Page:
Lindi Ortega – Liberty
By Nick Jarman
Lindi Ortega is one of the very finest writers and artists that I have had the privilege of listening to an getting to know through her music. It’s hard not to be spellbound by an artist with such a fine voice and the artistry to match it with records like ‘’Little Red Boots’’ an ‘’Tin Star’’. ‘’Liberty’’ is a great departure from everything she’s done previously, with the record much more of a concept album, inspired by spaghetti Westerns and Tarantino. The record is all about an aesthetic, a mood conjured by the musical style as well as the lyrics and vocals.
The slight irony in the record is that between ‘’Faded Gloryville’’ and ‘’Liberty’’ she moved home to Canada, and so this very Western concept has emerged from a Geographic location that couldn’t be much more different. It is clear that she has not been confined creatively, and a move away from stifling Nashville is only a good thing, because this is a phenomenon that you wouldn’t find coming from Music City.
Not only is the record very much a Western love letter, but it is also introspective, as we have come to expect from Lindi. On the first vocal track ‘’Afraid Of The Dark’’ we see this, with the recurring lyric ‘’Daylight never comes, once I love someone, don’t come any closer to my heart, if you’re afraid of the dark’’. What a fantastic opening this makes, with the western-style instrumentation being turned on its head to complement this moody, dark, desolate vocal. Indeed, the next track ‘’You Ain’t Fooling Me’’ is a classic revenge song with grungy backing and a choppy, harsh refrain to complement the smooth verses, much like a snake might slither gracefully before striking.
‘’Nothing’s Impossible’’ is a real highlight of the album opening. What Lindi does better than anyone in her writing is paint an incredibly vivid picture. With this Western-style song this is particularly stark, particularly withstanding the mourning tone, pleading for the return of her man. With reference to her putting on her ‘’white linen dress’’ and ‘’laying him to rest’’ it conjured the image of the spectral figure of a woman in mourning, wearing her wedding dress out of a deluded grief, much like one might see in the movies.
The lead single of ‘’Liberty’’ was ‘’The Comeback Kid’’ which injects a bit of Spaghetti Western fun into proceedings. One can almost imagine a comic reel with this musical background, including the emphasis on ‘’POW’’ and ‘’SMACK’’ as the hero battles the villain, in this the Comeback Kid against those who put her away. Again, the story and imagery conveyed in the music and lyrics are fantastic, and really encapsulates what this record is all about.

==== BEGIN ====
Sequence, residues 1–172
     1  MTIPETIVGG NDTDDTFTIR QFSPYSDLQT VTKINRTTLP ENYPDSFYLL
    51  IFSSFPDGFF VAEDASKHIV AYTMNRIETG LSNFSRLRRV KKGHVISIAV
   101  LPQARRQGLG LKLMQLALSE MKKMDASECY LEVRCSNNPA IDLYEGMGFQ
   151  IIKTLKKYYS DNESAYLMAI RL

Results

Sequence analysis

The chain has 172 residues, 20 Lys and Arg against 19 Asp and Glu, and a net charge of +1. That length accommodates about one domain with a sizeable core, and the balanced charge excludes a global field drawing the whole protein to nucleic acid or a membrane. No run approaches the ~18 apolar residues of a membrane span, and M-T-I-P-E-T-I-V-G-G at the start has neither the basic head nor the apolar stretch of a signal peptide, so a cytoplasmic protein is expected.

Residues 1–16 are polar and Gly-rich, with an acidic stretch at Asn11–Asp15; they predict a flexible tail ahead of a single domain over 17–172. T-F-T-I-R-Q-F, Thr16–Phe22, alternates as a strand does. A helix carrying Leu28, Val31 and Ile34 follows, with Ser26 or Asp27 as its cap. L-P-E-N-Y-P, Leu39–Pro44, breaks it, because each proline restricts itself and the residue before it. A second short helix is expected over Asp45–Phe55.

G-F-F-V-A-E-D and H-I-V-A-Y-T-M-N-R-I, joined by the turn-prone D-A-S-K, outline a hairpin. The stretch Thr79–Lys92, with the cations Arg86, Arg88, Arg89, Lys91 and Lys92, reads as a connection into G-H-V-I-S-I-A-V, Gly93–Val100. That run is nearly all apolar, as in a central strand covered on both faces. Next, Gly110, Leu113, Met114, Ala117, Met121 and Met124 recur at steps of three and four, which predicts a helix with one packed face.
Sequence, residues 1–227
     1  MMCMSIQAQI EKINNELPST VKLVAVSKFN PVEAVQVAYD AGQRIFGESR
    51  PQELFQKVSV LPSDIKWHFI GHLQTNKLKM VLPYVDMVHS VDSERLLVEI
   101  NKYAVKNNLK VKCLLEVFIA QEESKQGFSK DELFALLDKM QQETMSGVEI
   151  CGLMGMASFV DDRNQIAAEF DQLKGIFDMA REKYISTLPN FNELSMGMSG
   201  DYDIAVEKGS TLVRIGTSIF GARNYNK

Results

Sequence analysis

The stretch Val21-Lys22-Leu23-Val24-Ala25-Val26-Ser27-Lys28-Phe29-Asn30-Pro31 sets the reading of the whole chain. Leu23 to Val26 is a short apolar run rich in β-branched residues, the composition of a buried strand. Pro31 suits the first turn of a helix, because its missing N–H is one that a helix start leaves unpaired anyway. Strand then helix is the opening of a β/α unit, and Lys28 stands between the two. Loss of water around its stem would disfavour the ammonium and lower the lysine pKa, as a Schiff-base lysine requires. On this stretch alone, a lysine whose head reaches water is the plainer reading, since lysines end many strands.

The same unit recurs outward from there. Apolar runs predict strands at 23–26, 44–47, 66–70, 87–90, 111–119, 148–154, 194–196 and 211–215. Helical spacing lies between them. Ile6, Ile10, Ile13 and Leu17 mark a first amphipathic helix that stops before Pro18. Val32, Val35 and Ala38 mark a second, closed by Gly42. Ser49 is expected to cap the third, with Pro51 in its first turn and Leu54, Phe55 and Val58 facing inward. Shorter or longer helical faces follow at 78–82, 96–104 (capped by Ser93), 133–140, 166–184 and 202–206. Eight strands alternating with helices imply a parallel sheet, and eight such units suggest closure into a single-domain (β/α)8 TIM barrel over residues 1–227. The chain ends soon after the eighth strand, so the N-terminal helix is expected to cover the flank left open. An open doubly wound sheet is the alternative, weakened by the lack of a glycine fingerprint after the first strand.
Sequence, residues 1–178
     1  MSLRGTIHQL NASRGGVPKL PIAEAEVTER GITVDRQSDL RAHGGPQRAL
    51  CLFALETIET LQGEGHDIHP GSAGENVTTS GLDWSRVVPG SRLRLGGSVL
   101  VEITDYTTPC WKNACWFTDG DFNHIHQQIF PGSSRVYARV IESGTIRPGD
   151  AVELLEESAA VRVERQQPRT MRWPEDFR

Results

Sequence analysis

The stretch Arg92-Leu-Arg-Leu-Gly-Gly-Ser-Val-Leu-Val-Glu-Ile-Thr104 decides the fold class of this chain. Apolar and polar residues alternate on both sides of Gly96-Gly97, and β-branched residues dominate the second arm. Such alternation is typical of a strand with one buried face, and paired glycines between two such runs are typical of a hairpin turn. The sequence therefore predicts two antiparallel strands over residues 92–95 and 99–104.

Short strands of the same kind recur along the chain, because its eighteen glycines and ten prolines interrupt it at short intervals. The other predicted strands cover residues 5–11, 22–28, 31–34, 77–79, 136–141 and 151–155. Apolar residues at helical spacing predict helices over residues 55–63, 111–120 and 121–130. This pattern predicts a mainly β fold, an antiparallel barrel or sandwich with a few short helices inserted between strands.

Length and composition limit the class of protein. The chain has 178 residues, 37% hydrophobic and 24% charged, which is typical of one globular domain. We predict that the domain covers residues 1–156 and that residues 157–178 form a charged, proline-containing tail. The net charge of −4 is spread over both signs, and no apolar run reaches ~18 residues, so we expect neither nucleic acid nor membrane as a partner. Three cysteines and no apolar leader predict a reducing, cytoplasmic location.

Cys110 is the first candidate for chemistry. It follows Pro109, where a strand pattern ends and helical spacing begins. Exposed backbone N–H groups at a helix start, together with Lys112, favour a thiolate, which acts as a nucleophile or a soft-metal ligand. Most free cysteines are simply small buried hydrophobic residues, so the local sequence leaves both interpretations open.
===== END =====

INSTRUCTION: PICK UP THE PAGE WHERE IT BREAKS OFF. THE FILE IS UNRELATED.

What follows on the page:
‘’Liberty’’ really comes into its own in the latter half, where melody and atmosphere dominate the music, with some of Lindi’s finest ever work displayed deep in this record. ‘’In The Clear’’ is beautiful, stripped back and focusses very much on her perfect vocals. It very much brings to mind some of her previous work in the melancholy writing, sparse instrumentation and slow melody, and amongst a record with a lot of interesting musical choices, it is refreshing, and serves to separate the beginning, middle and end of the record.
This is a record of catharsis, moving through the early despair and heartbreak of loss, moving through the wasteland into a rich love story featured in ‘’Pablo’’, ‘’Lovers In Love’’ and finally freedom in ‘’Liberty’’ and ‘’Gradias A La Vida’’. There are hints of Spanish in the love song ‘’Pablo’’, whilst the whole of ‘’Gradias’’ is sung in Spanish. Not only does this add considerable texture to the vocals, but completes the transition from the heartbreak and focus on the cowboy protagonist in Lindi’s story, to the softer love story focused on the unseen, fringe characters in the Western film.
Records that tell a story are the sign of good artistry and this is the finest I have heard for a long time. Every song has its place, and mustn’t be listened to out of order, although each one is great in its own right as well. Lindi has mused on Twitter about making this record into a Broadway show, with tongue-in-cheek I suspect, but the story and imagery as so powerful in ‘’Liberty’’ I don’t think the idea is that off-base. I can only recommend this record. Niche it may be, not for background music, but it is one hell of a fine record.